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Attitude Characterization of Aerodynamic Stable Objects Based on TLE

Cristina Parigini1,Davide Bonetti1,Gonzalo Blanco Arnao1,Noelia Sanchez Ortiz1,Stijn Lemmens2
Deimos Space1ESA/ESOC Space Debris Office (OPS-GR)2

Document details

Publishing year2017 PublisherESA Space Debris Office Publishing typeConference Name of conference7th European Conference on Space Debris
Pagesn/a Volume
T. Flohrer, F. Schmitz


In re-entry predictions, drag plays a critical role as it is the main force driving the orbital decay in Low Earth Orbits: is the most significant orbit perturbation that affects the semi-major axis in a secular manner. Other perturbations affect the semi-major axis, but most average out over an orbit cycle due to their periodic character. Estimation of the drag is not easy due to the large uncertainties on the atmospheric properties and drag area. Focusing on the latter, attitude knowledge is critical: it has a direct impact not only on the drag coefficient but also on the effective area where the aerodynamic perturbations are exerting the force. Therefore, attitude knowledge reduces the uncertainty on the estimation of drag which means an improvement in the re-entry time estimation.
The problem of reconstructing the body attitude from TLE is difficult due to the accuracy of TLE information and data availability frequency: only rough estimations of the BC could be obtained from TLE and with this information it is not possible to reconstruct accurately the attitude. However, attitude could be reconstructed when additional information is available, for instance, when optical measurements are available or when additional assumptions could be made (e.g. stable attitude behavior). In this frame, GOCE attitude behavior presents the ideal case where very small variability in the yaw and pitch angles is observed in the last weeks before entry.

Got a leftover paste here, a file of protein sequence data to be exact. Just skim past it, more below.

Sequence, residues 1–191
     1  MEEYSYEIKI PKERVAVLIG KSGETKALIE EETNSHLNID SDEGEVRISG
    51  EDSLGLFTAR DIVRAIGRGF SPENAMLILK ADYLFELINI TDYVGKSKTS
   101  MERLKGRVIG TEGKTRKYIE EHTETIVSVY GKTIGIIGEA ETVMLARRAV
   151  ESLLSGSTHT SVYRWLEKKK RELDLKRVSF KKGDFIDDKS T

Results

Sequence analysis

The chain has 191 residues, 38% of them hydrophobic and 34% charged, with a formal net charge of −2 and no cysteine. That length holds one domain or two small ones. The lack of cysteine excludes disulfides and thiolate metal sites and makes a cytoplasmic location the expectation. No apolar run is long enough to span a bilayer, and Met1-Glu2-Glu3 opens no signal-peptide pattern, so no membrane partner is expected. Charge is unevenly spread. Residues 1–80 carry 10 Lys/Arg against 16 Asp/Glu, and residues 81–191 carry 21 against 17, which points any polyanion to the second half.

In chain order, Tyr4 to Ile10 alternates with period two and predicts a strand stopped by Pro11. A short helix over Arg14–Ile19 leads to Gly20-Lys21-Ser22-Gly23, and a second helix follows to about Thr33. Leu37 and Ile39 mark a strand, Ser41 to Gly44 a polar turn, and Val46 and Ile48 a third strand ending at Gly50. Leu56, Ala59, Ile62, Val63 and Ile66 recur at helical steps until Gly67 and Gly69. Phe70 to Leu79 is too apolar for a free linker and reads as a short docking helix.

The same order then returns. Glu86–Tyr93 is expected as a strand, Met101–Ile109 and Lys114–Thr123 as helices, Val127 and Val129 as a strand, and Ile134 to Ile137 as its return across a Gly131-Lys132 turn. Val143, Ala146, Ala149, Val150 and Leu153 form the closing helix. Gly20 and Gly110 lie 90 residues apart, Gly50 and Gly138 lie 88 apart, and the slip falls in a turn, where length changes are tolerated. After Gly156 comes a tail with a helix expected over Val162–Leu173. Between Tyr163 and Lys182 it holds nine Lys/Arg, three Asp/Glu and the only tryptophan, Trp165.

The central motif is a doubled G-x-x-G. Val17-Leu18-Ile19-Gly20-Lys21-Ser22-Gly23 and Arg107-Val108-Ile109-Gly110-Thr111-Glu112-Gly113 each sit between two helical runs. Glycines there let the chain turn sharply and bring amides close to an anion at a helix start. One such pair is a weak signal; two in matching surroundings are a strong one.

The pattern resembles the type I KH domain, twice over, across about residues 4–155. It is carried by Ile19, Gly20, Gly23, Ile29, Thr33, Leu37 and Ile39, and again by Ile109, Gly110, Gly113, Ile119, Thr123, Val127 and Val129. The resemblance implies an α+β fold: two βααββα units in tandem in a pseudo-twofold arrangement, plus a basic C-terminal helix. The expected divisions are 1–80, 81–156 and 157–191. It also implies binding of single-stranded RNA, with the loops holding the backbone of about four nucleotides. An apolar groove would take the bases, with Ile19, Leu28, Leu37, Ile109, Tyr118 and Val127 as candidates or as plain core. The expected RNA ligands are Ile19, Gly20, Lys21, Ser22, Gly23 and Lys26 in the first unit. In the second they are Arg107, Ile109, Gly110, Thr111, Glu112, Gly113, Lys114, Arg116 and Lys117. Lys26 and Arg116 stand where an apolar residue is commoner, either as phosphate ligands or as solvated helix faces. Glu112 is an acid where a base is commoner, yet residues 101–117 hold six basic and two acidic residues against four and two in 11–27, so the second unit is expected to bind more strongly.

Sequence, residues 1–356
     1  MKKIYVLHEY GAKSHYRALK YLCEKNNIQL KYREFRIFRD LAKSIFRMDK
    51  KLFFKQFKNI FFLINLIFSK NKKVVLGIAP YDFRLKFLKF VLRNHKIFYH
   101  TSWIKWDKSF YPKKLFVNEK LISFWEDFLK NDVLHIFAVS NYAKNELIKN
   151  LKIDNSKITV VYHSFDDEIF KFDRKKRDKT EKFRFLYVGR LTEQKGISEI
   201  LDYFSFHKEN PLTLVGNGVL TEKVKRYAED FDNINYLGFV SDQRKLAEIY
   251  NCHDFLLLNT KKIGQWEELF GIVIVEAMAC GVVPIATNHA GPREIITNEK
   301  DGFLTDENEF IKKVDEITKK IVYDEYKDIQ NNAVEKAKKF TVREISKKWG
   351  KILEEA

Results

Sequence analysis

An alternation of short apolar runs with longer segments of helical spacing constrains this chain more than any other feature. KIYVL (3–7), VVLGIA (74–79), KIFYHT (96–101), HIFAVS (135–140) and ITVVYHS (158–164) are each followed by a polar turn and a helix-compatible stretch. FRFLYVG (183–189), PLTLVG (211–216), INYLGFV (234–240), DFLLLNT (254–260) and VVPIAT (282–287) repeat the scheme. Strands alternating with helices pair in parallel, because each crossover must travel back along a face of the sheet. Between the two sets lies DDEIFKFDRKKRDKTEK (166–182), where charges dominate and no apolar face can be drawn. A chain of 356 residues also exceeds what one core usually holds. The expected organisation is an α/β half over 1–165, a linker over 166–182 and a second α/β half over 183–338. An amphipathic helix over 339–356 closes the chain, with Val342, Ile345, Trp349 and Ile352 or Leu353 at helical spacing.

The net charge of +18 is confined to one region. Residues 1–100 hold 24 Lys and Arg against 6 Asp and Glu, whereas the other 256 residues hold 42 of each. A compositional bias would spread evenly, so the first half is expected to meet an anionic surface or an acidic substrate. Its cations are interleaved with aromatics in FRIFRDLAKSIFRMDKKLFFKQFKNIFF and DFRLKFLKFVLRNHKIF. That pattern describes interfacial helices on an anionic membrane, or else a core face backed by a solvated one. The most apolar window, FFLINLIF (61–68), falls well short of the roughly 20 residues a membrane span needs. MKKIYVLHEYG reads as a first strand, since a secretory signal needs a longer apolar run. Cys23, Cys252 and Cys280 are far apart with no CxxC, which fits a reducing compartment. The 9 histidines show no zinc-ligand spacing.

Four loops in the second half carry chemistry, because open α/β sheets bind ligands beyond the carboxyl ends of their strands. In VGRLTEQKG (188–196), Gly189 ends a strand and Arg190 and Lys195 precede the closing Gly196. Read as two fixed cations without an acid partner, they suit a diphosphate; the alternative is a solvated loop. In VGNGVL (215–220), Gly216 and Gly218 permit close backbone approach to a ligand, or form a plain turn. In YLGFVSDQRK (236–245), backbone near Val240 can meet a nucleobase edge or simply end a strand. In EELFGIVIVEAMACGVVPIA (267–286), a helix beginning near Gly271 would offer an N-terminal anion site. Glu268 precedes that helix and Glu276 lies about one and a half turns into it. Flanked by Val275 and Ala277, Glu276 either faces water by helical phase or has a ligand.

In the frame of Bench-marking Reentry Predictions ESA study, we analyze space objects that present similarities with GOCE in terms of aerodynamic stability and geometry (e.g. elongated bodies). A preliminary analysis of the critical parameters and ranges that guarantee a stable flight at high altitude is done based on Flying Quality analysis for simple shape objects (e.g. cylinder and box). These results are then used as a filter applied to DISCOS database to select 5 objects among the known debris including both rocket bodies and payloads that re-entered in the past. For such objects, 3-dof and 6-dof simulations and TLE analysis are combined to characterize the attitude during the orbital decay. GOCE is used to benchmark the approach followed. Preliminary results, confirm that 2 of the 3 rocket bodies analyzed follow a very stable attitude in the last weeks before entry.